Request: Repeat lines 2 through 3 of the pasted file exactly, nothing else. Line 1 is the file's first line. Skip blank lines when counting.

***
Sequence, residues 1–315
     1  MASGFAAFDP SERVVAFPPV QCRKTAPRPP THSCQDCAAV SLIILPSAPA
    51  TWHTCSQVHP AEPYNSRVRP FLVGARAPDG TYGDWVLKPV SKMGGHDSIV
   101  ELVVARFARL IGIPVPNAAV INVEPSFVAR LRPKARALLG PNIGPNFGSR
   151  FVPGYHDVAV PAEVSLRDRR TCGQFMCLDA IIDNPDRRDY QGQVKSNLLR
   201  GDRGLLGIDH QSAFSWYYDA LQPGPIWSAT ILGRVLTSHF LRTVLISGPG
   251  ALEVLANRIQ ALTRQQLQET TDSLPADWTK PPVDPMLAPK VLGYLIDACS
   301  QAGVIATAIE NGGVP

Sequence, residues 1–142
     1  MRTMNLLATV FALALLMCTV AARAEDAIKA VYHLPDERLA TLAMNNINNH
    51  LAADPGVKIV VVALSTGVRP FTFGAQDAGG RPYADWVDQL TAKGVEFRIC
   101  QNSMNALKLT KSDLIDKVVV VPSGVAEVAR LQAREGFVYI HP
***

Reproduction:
     1  MASGFAAFDP SERVVAFPPV QCRKTAPRPP THSCQDCAAV SLIILPSAPA
    51  TWHTCSQVHP AEPYNSRVRP FLVGARAPDG TYGDWVLKPV SKMGGHDSIV